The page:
By Bill Wilson
BBC News Online business reporter
Unions are fighting the proposed Norwich Union move
"This deplorable announcement by Aviva is based purely on greed," fumed David Fleming, Amicus national secretary, on hearing that Norwich Union was the latest in a long line of UK companies to move call centre operations to India.
The company would probably not deny that the decision was about money. It is indeed the lure of savings that is causing a growing number of companies to transfer jobs to offshore bases 5,000 miles away.
Despite a high-profile counter campaign being run by many British unions, research shows 28 firms have outsourced more than 50,000 jobs serving UK customers to India over the past two years.
Recent announcements have included proposals by the national rail enquiry service to move 600 jobs to India as part of cost cutting measures, while HSBC intends to outsource 4,000 jobs over two years.
Lloyds TSB plans to transfer work from its Newcastle call centre to India, with the loss of 1,000 Tyneside jobs.
And offshore outsourcing of call centre work is expected to grow by 25% over the next five years.
Mark Kobayashi-Hillary, author of a forthcoming book about the issue, says the principal reasons for outsourcing are wage cost savings and improved customer service levels.
"There is double-digit savings to be made on costs. And the staff are very professionally qualified people, and educated to a much-higher level then their UK counterparts," he explains.
Chris Scoggins, chief executive of National Rail Enquiries, has said Indian call centre workers also do a better job than those in Britain because they are more motivated and more accurate in their work.
However, more importantly, he said the move could also save rail firms up to £25m over several years.
As Graham Hoskins, managing partner of call centre consultancy Kinetic, which produces a guide to outsourcers in India, says "the commercial arguments could be very persuasive".
But while there are cost savings to be made now, there are fears that the increased demand will eventually push salaries higher in the main outsourcing centres of Bangalore, New Delhi, and Bombay.
Wages in Indian call centres are about 10% of UK rates
"At the moment it is all very cost driven, but in the long-term companies will see savings diminish," warns Kinetic management partner Stephen Peattie.
Although it is possible to subcontract the new operation to specialist third-party infotech firms in India, large corporations such as GE, Dell and HSBC, prefer to set up their own operations in India, through a subsidiary company.
"This then allows them to install their own mangers, impose their own style of doing things, impose a corporate ethos, and at the same time make staff feel they are part of the company's global family," Mr Kobayashi-Hillary says.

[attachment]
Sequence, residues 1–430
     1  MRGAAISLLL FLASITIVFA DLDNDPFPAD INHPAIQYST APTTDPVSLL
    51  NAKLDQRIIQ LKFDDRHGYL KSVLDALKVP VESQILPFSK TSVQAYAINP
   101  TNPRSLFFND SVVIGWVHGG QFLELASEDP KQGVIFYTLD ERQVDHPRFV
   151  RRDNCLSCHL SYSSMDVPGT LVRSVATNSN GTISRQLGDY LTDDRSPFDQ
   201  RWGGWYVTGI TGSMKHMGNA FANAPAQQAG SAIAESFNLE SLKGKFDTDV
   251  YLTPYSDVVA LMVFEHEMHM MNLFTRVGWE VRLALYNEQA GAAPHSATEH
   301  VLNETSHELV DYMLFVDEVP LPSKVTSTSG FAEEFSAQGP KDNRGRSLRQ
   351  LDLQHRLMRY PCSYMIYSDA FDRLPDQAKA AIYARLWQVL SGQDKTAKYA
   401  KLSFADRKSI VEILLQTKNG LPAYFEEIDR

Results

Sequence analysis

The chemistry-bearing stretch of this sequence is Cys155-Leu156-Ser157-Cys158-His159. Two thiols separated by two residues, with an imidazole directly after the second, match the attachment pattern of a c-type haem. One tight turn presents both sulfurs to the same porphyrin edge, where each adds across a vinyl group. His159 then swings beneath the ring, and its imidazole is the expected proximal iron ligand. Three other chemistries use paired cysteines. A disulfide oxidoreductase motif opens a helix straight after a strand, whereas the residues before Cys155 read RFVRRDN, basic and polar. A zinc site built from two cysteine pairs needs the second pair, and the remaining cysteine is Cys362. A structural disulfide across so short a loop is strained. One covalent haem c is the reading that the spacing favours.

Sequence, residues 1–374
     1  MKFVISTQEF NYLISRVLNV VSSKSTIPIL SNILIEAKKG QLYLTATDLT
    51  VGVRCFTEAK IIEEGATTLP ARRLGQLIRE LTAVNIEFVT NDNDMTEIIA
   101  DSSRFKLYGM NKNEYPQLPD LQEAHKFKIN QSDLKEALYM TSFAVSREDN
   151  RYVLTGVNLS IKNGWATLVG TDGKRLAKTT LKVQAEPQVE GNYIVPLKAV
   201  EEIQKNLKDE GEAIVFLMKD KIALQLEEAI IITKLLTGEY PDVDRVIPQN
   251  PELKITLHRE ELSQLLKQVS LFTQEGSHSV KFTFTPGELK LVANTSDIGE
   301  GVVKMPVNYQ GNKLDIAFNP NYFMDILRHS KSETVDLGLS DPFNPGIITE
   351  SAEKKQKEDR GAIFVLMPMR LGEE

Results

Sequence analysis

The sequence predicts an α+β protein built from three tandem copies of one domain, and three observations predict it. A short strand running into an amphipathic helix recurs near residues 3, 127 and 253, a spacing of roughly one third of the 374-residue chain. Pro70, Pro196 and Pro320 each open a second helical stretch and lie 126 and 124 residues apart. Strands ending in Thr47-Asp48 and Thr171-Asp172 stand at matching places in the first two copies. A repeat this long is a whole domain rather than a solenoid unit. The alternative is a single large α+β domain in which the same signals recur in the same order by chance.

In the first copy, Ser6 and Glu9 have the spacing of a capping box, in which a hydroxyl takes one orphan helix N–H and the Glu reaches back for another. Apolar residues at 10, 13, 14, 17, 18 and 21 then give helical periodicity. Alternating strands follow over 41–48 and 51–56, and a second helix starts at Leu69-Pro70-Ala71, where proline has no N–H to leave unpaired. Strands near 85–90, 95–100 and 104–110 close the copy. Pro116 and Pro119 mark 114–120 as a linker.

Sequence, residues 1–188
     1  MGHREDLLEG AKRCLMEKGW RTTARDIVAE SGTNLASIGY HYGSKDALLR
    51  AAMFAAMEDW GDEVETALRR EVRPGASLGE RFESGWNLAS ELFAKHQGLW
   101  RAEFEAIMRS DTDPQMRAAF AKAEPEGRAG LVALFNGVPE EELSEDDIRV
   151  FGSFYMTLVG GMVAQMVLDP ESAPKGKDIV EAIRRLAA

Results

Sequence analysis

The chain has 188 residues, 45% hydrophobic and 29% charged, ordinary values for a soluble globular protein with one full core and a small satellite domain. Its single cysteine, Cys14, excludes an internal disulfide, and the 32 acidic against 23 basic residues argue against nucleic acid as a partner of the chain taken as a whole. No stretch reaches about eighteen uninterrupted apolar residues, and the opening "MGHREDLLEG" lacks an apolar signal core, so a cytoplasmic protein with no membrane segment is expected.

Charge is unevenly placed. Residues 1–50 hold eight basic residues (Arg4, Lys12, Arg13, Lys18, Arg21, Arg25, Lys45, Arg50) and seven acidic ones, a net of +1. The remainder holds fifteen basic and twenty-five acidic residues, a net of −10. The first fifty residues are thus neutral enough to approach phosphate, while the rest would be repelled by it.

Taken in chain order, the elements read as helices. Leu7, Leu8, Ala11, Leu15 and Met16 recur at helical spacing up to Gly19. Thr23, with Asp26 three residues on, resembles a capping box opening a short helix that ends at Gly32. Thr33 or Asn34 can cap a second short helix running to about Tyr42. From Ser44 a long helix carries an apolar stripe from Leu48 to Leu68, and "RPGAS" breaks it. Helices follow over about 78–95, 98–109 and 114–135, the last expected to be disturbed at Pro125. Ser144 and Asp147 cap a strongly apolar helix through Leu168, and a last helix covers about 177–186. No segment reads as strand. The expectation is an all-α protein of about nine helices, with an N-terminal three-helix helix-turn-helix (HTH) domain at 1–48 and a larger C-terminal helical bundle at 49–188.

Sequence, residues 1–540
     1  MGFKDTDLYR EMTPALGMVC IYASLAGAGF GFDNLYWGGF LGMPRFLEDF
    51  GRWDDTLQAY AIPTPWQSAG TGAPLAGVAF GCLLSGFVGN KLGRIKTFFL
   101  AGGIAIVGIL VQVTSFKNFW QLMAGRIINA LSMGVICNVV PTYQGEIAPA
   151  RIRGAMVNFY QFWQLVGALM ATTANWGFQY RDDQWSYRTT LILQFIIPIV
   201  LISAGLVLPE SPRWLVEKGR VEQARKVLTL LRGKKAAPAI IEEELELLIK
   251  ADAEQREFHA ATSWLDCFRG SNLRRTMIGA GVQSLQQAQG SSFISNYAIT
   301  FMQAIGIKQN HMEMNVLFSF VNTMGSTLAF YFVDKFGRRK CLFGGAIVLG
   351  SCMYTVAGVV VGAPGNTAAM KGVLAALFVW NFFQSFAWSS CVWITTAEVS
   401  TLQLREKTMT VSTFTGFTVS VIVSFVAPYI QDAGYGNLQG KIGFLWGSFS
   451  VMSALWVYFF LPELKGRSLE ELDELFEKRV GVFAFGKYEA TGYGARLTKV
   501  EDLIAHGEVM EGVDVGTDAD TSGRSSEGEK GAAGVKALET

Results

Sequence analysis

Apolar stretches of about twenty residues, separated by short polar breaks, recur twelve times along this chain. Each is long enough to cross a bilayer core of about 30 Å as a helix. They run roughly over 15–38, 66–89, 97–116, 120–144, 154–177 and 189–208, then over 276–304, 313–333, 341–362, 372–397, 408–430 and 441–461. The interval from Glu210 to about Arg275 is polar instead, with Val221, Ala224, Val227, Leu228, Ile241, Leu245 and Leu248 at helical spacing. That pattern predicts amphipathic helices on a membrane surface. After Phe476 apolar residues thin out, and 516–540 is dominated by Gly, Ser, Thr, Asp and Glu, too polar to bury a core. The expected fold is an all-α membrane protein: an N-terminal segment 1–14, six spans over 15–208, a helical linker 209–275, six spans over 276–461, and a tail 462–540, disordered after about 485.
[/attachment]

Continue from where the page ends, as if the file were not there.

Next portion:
The list of business processes that can now be moved to India is almost endless, and includes customer reservations, telemarketing, payroll processing, insurance claims, and credit card and loan applications.
But there is also a growing market in more complex jobs, such as research or accounting.
"In India offshore work now includes accountancy services, equity research for banks, para-legal research for lawyers, and medical graduates writing up UK-based health research work.
"I was out in Bangalore recently and visited one engineering and design company which is carrying out all the R & D development for Pratt and Whitney aircraft engines in the USA," says Mr Kobayashi-Hillary.
Despite the lure of cost-savings, the decision to move abroad cannot be taken lightly.
There is strong resistance to the moves amongst the unions who are fighting to keep jobs in the UK.
The Communications Workers Union said BT and other companies that outsources call centre work should be reminded of the benefits of remaining in the UK.
A new report from Huntswood Outsourcing Solutions says many in the financial sector feel the benefits to be gained from outsourcing are "overhyped".
They interviewed 100 directors of financial services companies with responsibility for outsourcing, with the respondents predicting that offshore outsourcing will more than double in the next five years.
But when asked it they would offshore functions such as call centres, processing new business applications or customer service administration, 80% said they would not.
Huntswood said its research showed many managers approved of offshoring in theory, but not for their own operations.
Furthermore, a Mitial Research paper shows that 60% of the UK public is against outsourcing.
The greatest concern about offshore outsourcing is that overseas outsourcers do not have as good an understanding of the UK consumer as domestic providers.
But Mr Kobayashi-Hillary says these problems can be overcome with better training.
"There are still several decades of growth in offshoring to India, before rising wages mean jobs there are then offshored to countries like China," he claims.